Washington DC - The Library of Congress and the War of 1812
Posted on May 11, 2012
Nicole and I passed through Washington DC last week and spent a day wandering around the massive National Mall. The mall is where most of the famous sites in DC are, including the White House, Capitol Hill and the Washington Monument. It was fun to walk around and see the big sites that we recognize from dozens of movies, but it was the numerous museums in the area that made the trip worthwhile.
The highlight of the trip was visiting the Library of Congress. The building itself exudes an air of learned altruism, expressed with painstaking attention to detail in the art that lines every wall, ceiling and staircase. We were happy to have taken the tour, as our docent was knowledgeable about the origin and symbolism of many of the paintings and sculptures which cover every inch of the building.
The walls are covered with famous quotations and tributes to prominent figures in human history, and it is time well spent to walk the halls at a leisurely pace and contemplate their meaning. The strong presence of Minerva in many of the art pieces makes it clear that the Library of Congress was designed to be not just a reference library for congress, but also a force for education and the expansion of human knowledge.
But even surrounded by all the polish of altruistic scholarship, there were some peculiarities that reminded us we were in America. Certainly American scientists, artists and writers were given special prominence in many paintings and placement, but that is to be expected in the capital of any nation. I can even look past the fact that the circular mural in the main dome of the reading room boldly credits America with inventing "Science", while Germany was noted only for "Printing", Greece for "Philosophy", and England for "Literature" - At least Isaac Newton had made an appearance in some of the other artwork.
There was one thing, however, that I can't forgive, and it came from the lips of our tour guide. While he was running us through the history of the library, he came to the war of 1812, and it stung my floppy English/Canadian ears to hear his version of events!
The British invaded Washington in 1814, and since they knew they wouldn't be able to hold it for long, they tried to burn as much of it as they could. Unfortunately for the library, books are a good way to start a fire, and so over half the collection was lost in the fire before the British were repelled back to Canada.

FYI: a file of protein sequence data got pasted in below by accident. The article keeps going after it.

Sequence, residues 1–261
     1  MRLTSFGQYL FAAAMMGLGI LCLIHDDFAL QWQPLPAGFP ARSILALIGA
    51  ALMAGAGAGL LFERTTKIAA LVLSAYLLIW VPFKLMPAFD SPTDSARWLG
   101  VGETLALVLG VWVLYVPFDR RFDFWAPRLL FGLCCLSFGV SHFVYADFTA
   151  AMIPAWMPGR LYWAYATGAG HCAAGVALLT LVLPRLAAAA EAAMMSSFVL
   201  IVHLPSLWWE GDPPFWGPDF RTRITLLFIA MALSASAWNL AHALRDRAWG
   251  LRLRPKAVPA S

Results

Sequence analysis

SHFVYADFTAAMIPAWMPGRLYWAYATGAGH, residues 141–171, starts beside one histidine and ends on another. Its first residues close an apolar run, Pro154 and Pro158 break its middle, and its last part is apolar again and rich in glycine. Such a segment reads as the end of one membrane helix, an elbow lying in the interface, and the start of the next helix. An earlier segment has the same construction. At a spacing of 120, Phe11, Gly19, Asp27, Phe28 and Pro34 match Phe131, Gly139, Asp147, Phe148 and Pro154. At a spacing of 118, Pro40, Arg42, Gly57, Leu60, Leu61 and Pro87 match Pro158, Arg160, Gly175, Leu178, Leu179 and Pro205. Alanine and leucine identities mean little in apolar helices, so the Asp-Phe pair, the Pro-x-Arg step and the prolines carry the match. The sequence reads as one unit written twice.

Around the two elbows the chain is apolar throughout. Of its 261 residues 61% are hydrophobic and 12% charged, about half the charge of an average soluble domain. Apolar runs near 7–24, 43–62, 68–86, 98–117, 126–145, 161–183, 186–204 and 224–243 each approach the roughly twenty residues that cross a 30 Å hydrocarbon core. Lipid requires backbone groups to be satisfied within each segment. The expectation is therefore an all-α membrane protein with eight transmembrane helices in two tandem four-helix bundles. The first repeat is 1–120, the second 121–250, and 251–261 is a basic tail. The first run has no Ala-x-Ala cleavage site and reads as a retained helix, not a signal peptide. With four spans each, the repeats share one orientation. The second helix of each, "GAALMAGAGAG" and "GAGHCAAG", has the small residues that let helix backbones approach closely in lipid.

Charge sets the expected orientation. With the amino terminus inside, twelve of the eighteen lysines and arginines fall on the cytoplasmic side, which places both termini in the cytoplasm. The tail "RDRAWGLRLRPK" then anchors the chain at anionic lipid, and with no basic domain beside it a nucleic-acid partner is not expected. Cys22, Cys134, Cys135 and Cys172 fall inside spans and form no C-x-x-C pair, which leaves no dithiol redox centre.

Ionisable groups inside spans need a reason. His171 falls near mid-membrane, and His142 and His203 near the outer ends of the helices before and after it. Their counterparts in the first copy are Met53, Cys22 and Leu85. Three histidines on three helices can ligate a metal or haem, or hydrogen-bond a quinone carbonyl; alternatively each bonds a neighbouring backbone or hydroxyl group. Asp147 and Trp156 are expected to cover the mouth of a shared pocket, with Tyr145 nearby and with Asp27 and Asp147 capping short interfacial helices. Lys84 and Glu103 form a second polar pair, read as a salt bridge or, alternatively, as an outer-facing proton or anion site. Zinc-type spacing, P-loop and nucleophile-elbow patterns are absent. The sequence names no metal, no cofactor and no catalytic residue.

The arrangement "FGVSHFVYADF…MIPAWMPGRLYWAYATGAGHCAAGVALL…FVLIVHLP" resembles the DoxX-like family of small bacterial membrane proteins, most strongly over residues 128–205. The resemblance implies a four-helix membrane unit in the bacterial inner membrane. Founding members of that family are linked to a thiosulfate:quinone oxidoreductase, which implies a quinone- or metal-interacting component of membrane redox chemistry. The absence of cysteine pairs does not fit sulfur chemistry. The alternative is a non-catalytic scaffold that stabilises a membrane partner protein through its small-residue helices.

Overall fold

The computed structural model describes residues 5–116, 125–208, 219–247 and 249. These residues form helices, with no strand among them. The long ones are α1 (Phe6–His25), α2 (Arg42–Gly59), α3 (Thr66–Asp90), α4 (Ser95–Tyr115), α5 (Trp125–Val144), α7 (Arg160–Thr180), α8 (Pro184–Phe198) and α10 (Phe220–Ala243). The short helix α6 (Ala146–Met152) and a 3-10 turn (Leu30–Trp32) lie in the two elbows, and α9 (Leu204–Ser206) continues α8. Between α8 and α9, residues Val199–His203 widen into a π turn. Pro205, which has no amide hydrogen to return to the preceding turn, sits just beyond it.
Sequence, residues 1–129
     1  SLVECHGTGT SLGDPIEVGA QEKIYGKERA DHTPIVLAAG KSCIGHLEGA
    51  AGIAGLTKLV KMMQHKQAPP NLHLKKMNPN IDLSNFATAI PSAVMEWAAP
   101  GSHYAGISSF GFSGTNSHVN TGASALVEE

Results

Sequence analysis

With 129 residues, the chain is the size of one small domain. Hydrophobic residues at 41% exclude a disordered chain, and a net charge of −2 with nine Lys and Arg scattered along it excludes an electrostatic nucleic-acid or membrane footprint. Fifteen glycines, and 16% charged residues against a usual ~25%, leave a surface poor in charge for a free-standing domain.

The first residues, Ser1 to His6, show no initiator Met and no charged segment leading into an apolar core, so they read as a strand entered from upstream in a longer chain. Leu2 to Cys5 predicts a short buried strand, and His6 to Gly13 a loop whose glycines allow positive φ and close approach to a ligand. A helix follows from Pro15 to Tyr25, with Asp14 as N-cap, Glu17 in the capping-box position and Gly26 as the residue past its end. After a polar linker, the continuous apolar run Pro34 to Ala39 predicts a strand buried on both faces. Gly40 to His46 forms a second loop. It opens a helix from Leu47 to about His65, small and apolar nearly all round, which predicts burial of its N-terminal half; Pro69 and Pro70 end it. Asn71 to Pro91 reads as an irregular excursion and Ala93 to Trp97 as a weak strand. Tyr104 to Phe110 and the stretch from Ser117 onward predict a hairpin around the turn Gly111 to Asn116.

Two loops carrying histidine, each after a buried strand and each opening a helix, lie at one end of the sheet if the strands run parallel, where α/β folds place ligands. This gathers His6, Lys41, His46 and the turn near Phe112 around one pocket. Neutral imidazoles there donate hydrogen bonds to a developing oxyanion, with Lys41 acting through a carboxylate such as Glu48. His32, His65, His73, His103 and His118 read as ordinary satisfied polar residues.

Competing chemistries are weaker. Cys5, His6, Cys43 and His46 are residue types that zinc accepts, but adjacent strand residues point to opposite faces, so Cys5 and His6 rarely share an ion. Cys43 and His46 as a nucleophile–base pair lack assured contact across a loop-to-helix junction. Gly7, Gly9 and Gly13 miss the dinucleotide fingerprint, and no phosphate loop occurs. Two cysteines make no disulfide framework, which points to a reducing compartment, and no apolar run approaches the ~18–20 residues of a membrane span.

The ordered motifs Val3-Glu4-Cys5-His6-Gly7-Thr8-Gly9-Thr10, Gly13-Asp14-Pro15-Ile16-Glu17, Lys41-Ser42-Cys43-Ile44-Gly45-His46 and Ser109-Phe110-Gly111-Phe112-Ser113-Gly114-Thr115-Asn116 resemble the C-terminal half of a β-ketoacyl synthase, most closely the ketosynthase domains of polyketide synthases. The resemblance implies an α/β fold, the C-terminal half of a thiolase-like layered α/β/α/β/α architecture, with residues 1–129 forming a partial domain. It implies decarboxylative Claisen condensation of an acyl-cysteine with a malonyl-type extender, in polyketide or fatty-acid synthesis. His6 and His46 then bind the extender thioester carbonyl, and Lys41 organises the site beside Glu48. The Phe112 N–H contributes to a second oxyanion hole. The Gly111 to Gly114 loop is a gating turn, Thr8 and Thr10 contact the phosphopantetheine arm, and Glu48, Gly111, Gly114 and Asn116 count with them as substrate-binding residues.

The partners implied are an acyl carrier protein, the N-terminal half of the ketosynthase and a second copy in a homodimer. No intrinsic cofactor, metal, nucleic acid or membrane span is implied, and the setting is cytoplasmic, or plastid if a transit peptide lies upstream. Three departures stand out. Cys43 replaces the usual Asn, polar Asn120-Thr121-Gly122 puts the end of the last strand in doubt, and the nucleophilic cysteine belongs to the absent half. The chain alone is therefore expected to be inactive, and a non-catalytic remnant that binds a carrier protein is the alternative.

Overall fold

- Docent at The Library of Congress
It has since been confirmed that many Americans know only this abridged version of the war of 1812, which completely omits the fact that it was the Americans who declared war on Canada, and that the Americans had burnt the government buildings of Upper Canada in York (now Toronto) only 2 years earlier. Indeed, it seems the commonly held view is that the British were barbarians who burned books and razed cities for no good reason.
There is evidence that shows civility in how the British conducted their warfare, which cannot be said when reading about American attacks on Upper Canada. For example, the soldiers who burned Washington were under strict orders to burn only public buildings and to spare all civilians and their buildings. The library, being a small part of the building which housed congress at the time, was a casualty of war. Given the immense value of books at the time, you have to believe that if they could have, the British would have stolen every book in that library and sailed them straight back to Britain.
Other accounts of the occupation of Washington sound distinctly different from the raids conducted by Americans on the north shore of Lake Erie. In fact, in reading about some of the battles, I find it a shame that modern warfare can't be conducted with a little more civility and respect.
"The day after the destruction of the White House, Rear Admiral Cockburn entered the building of the D.C. newspaper, the National Intelligencer, intending to burn it down. However, several women persuaded him not to because they were afraid the fire would spread to their neighboring houses. Cockburn wanted to destroy the newspaper because its reporters had written so negatively about him, branding him as "The Ruffian." Instead, he ordered his troops to tear the building down brick by brick, ordering all the "C" type destroyed "so that the rascals can have no further means of abusing my name".
So, my fellow Canadians, next time you're visiting our friends to the south, it may come in handy to brush up on your war of 1812 history. And if you're not much of a history buff, may I suggest you keep this song handy:
blog comments powered by Disqus